In these weird and crazy pandemic times, I’ve learned a few things about myself. I’m a homebody who doesn’t like to be told to stay at home (but I am). I’m an introvert who enjoys being around people (but I’m not). I’m a professional health educator who understands the rationale behind wearing a mask but who feels uncomfortable doing so (but I comply). And I’m learning that there are unintended consequences to all of this.
One of our wonderful Steady Warriors teachers shared a brilliant observation with all of us in a recent virtual meeting. She noticed that when wearing her mask, it sometimes brings on anxiety. And when she uses the tried and true “just breathe” to work through the anxiety, she finds it difficult because of the mask itself. There is a physical barrier that interferes with a deep, extended exhale, and if glasses are involved, here comes the fog! Hearing this bit of wisdom sparked a whole new conversation that day, and we had a broader discussion about the nervous system, social engagement, and what we and our community of warriors might be experiencing with all of this change to our usual way of public living. Why might it feel like we’re encountering more discontent when we go to the grocery store? Why might it feel like we’re less connected, even when we’re around other people? And if we’re covering our noses and mouths to keep each other safe, why might we feel so unsafe? It’s time to see through the mask.
Just like all living beings, we want to survive. Safety first. Even if we don’t recognize it intellectually, our bodies know this truth. Our nervous system is equipped to receive and interpret messages of danger and to react accordingly. These messages come in through all of our senses all the time, no matter what environment we’re in. Bear coming down the path? Danger! Loud crashing sound? Danger! Smelling smoke in the building? Danger! But when we’re in close proximity to other people, the best way to gauge the potential threat is to look for signs in the.... FACE. If we can’t see the face, all of it, we are missing some of the signs. Period. Without realizing it, we may default to the danger zone simply because we can’t tell if that person is smiling or frowning, and then our survival mechanisms automatically kick in. If we want to stay connected, healthy, and feeling whole, we will need to learn how to adapt to noticing what we can still see. It may feel awkward at first, but let’s try looking each other in the eyes. The eyes are the window to the inner being, the soul, and that is where truth lives. We don’t have to be “woo woo” about it to understand that lying eyes, crying eyes, wandering eyes, sad eyes, smiling eyes, bright eyes, and every other expression of the eyes can provide us with a ton of information! If we start by looking in the vicinity of the eyes, for smile lines in the corners, or even frown lines in the forehead, we might eventually begin to feel more comfortable looking at the eyes themselves. And then we can learn to see what’s really there, and respond in a more appropriate way.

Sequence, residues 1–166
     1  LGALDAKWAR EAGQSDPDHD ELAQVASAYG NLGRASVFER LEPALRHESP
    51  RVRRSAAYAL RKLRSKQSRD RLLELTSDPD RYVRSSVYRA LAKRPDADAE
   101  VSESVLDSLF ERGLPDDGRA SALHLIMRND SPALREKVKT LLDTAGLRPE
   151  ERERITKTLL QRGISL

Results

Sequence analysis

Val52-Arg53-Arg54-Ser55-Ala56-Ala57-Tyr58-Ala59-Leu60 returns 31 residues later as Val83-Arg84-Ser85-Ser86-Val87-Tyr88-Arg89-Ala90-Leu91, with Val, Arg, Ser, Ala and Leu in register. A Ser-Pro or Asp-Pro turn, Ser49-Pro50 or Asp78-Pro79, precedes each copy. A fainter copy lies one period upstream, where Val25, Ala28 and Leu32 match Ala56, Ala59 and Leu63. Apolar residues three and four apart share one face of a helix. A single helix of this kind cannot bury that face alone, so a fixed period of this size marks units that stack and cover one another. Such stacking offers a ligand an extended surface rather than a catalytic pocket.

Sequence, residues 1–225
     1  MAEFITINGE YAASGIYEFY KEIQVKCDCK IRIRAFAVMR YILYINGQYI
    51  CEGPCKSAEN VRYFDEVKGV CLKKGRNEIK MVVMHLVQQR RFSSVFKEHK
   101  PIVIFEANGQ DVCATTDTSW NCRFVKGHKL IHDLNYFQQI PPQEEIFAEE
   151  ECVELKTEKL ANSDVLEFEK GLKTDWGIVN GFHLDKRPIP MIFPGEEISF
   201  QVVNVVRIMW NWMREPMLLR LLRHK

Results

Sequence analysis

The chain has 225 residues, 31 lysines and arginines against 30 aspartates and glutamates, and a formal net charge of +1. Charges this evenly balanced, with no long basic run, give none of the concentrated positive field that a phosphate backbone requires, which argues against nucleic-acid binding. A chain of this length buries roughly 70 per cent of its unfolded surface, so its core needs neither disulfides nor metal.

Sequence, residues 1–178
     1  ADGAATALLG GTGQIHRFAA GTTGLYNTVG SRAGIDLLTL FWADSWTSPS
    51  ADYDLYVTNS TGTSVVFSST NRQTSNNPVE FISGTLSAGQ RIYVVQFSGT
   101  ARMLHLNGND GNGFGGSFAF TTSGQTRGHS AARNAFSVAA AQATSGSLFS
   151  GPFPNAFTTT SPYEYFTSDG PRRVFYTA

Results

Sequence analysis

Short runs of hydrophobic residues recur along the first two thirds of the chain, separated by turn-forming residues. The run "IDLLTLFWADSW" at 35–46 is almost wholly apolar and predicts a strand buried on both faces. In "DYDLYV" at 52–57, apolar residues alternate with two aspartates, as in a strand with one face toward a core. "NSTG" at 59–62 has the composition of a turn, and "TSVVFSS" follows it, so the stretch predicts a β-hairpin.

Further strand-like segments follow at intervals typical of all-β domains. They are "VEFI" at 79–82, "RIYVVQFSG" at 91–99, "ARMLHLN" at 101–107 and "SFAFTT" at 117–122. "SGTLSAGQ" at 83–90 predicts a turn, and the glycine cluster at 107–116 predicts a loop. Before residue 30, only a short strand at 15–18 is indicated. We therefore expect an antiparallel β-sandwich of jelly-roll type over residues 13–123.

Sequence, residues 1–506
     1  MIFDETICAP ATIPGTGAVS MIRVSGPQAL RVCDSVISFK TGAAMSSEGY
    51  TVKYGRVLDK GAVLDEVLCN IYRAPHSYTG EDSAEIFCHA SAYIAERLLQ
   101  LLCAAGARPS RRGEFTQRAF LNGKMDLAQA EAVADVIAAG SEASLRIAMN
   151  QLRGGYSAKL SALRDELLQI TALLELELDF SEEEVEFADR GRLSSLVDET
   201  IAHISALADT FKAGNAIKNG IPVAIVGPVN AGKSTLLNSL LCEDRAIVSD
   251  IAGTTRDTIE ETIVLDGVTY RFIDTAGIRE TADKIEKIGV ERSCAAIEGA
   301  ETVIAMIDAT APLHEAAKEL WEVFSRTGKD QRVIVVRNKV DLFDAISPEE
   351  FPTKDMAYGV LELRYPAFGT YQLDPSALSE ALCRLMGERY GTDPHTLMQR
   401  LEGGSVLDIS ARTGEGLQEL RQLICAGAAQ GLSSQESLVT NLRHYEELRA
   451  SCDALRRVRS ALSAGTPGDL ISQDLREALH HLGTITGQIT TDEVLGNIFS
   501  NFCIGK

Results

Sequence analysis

At the end of our trauma-informed yoga classes, some of us use the word Namaste as a final moment of connection before everyone goes their separate ways. The translation of this Sanskrit word that I find most helpful is this:
I honor the place in you where the entire universe resides.
I honor the place in you where lies your love and your light, and your truth and your strength, and your uniqueness and your peace.
I honor the place in you where, if you were in that place in you, and I am in that place in me, there is only one of us.
In that place, no mask even exists. Namaste.